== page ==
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Why Microsoft has decided to offer some security products for free

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Microsoft recently discovered a “China-based threat actor” named Storm-0558 and revealed that the espionage group stole a key which allowed it to break into email inboxes of several US government agencies. The company was criticised for the hack and following the criticism, the tech giant has now announced it will offer a few security logs at no additional cost.

“Today we are expanding Microsoft’s cloud logging accessibility and flexibility even further. Over the coming months, we will include access to wider cloud security logs for our worldwide customers at no additional cost,” the company announced after it was criticised for its mistakes.

Microsoft said the move is a response to the increasing frequency and evolution of nation-state cyber threats and its additional steps will protect its customers and “increase the secure-by-default baseline.”

“These steps are the result of close coordination with commercial and government customers, and with the Cybersecurity and Infrastructure Security Agency (CISA) about the types of security log data Microsoft provides to cloud customers for insight and analysis,” the company noted.

Why this incident matters to Microsoft
This incident was a concern for Microsoft as it came under fire for the incident, which has been deemed as the biggest breach of unclassified US government data since the Russian espionage campaign in 2020 that hacked SolarWinds.

It was reported that Microsoft did not offer every government department the same level of security logging that was available to departments with higher-paid tier accounts.

At that time, Microsoft said in a blog post that “accountability starts with us” and that it was “continually self-evaluating, learning from incidents” and strengthening its defences.

The company clarified that the hacking took place not by hijacking computers or stealing passwords but by taking advantage of an undisclosed security issue with the company’s online email service. It acknowledged that the hack was due to a coding flaw, which was spotted by one of the victims who was reviewing their digital logs.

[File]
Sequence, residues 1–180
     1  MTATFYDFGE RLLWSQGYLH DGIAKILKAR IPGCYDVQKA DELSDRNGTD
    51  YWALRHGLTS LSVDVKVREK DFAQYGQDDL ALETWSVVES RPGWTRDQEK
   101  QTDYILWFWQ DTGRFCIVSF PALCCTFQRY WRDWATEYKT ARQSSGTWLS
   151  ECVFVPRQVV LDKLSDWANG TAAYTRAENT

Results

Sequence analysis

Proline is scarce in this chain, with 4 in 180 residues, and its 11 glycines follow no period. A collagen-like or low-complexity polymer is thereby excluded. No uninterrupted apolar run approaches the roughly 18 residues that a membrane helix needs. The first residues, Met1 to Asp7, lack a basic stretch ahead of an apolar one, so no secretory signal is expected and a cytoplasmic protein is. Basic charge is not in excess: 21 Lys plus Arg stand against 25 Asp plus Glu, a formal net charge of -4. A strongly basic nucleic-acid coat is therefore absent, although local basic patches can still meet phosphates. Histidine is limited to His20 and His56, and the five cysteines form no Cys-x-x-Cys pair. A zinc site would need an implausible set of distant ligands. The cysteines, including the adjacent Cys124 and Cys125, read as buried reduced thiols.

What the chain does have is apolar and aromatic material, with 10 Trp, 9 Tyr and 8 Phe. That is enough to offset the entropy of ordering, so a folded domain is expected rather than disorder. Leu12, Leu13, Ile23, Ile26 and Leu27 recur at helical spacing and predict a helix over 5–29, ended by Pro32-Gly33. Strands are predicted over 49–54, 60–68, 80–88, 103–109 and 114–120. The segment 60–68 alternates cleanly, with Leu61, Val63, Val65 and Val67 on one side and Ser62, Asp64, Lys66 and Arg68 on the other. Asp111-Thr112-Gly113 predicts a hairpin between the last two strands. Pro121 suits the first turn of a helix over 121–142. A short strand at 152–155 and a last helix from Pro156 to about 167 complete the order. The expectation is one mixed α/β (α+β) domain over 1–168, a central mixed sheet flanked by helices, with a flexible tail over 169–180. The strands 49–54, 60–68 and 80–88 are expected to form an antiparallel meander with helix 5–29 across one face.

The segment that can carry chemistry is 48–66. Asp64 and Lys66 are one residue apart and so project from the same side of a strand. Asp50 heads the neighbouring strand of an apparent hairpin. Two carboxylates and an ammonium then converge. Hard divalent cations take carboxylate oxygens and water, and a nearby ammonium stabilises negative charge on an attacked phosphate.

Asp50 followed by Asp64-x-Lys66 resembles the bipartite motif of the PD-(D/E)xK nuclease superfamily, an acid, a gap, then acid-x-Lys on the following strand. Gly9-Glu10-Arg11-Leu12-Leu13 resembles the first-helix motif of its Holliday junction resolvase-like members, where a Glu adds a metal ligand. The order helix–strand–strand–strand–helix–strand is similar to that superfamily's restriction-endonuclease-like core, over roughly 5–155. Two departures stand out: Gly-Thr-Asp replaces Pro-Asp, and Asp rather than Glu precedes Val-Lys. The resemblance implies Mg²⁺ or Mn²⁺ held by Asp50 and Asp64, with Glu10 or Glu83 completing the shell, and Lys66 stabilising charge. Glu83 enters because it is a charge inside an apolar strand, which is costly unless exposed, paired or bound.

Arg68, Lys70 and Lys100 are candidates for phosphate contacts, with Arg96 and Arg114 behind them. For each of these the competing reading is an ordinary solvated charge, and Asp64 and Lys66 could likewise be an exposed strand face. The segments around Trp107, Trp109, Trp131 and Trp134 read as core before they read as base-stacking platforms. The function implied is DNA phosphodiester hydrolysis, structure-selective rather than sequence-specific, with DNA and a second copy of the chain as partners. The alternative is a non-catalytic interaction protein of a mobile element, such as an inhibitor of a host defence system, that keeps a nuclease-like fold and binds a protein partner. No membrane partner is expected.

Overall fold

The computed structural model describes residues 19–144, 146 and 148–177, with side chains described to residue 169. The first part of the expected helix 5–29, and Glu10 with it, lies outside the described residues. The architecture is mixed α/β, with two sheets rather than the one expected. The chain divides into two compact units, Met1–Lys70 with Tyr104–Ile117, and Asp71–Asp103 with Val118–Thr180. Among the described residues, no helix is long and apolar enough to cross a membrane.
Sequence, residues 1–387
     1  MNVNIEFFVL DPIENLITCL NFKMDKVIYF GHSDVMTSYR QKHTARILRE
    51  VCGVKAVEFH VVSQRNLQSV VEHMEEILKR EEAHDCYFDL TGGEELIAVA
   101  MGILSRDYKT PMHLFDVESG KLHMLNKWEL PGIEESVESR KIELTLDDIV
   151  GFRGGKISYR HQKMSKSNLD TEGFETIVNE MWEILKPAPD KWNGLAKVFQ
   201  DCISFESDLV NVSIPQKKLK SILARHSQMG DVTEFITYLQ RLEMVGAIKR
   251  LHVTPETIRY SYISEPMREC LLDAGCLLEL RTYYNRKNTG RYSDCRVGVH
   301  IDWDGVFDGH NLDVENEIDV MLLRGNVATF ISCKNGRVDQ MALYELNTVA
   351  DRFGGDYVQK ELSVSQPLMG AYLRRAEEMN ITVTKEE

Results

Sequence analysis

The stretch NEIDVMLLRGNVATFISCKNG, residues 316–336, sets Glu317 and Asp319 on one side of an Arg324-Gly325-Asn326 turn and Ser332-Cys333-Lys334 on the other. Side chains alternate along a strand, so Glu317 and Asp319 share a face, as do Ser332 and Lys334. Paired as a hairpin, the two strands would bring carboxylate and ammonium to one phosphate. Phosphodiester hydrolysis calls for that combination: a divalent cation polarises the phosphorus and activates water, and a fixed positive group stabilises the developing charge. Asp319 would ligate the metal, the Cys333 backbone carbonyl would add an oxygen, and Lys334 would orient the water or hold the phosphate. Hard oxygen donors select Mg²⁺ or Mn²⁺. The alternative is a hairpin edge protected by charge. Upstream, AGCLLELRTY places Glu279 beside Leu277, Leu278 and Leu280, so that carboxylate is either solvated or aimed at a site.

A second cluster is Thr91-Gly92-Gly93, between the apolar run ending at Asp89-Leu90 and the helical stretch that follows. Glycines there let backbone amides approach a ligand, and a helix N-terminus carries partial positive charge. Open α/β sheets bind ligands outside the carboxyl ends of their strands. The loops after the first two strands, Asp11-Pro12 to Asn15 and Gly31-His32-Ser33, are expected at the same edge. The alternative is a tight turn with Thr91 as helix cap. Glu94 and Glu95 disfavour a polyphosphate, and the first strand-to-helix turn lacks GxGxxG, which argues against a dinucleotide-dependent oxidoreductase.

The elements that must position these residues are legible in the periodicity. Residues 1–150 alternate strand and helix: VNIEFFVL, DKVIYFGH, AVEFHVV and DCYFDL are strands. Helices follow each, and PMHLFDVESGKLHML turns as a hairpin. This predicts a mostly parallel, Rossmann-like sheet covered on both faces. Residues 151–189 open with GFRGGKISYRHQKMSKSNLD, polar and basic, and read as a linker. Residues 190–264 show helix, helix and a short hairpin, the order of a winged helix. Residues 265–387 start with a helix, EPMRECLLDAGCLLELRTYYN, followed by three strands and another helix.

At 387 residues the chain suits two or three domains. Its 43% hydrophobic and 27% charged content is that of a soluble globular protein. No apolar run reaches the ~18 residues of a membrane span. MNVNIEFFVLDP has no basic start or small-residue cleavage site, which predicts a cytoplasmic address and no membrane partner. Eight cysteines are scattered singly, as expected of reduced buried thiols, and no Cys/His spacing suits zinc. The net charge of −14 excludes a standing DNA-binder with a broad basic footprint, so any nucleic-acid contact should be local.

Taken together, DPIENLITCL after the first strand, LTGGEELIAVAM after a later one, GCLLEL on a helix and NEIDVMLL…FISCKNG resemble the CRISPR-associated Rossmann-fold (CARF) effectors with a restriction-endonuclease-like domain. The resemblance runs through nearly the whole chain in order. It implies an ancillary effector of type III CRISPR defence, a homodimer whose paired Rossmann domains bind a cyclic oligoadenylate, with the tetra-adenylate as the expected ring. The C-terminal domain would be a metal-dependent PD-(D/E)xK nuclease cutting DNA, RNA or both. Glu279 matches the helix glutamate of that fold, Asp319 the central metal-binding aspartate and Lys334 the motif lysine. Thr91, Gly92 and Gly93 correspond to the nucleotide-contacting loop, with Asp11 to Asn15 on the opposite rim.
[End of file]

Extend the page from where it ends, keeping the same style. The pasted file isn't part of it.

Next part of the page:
How hackers used Microsoft’s Key
Microsoft said the hackers acquired one of its consumer signing keys or MSA key, which helps the company secure consumer email accounts, like Outlook.com. The hackers were using the MSA key to forge tokens, allowing their entry into enterprise inboxes.

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Why Microsoft has decided to offer some security products for free

Microsoft recently discovered a “China-based threat actor” named Storm-0558 and revealed that the espionage group stole a key which allowed it to break into email inboxes of several US government agencies. The company was criticised for the hack and following the criticism, the tech giant has now announced it will offer a few security logs at no additional cost.

“Today we are expanding Microsoft’s cloud logging accessibility and flexibility even further. Over the coming months, we will include access to wider cloud security logs for our worldwide customers at no additional cost,” the company announced after it was criticised for its mistakes.

Microsoft said the move is a response to the increasing frequency and evolution of nation-state cyber threats and its additional steps will protect its customers and “increase the secure-by-default baseline.”

“These steps are the result of close coordination with commercial and government customers, and with the Cybersecurity and Infrastructure Security Agency (CISA) about the types of security log data Microsoft provides to cloud customers for insight and analysis,” the company noted.

Why this incident matters to Microsoft
This incident was a concern for Microsoft as it came under fire for the incident, which has been deemed as the biggest breach of unclassified US government data since the Russian espionage campaign in 2020 that hacked SolarWinds.

It was reported that Microsoft did not offer every government department the same level of security logging that was available to departments with higher-paid tier accounts.

At that time, Microsoft said in a blog post that “accountability starts with us” and that it was “continually self-evaluating, learning from incidents” and strengthening its defences.

The company clarified that the hacking took place not by hijacking computers or stealing passwords but by taking advantage of an undisclosed security issue with the company’s online email service. It acknowledged that the hack was due to a coding flaw, which was spotted by one of the victims who was reviewing their digital logs.

How hackers used Microsoft’s Key
Microsoft said the hackers acquired one of its consumer signing keys or MSA key, which helps the company secure consumer email accounts, like Outlook.com. The hackers were using the MSA key to forge tokens, allowing their entry into enterprise inboxes.

FacebookTwitterLinkedin



end of article

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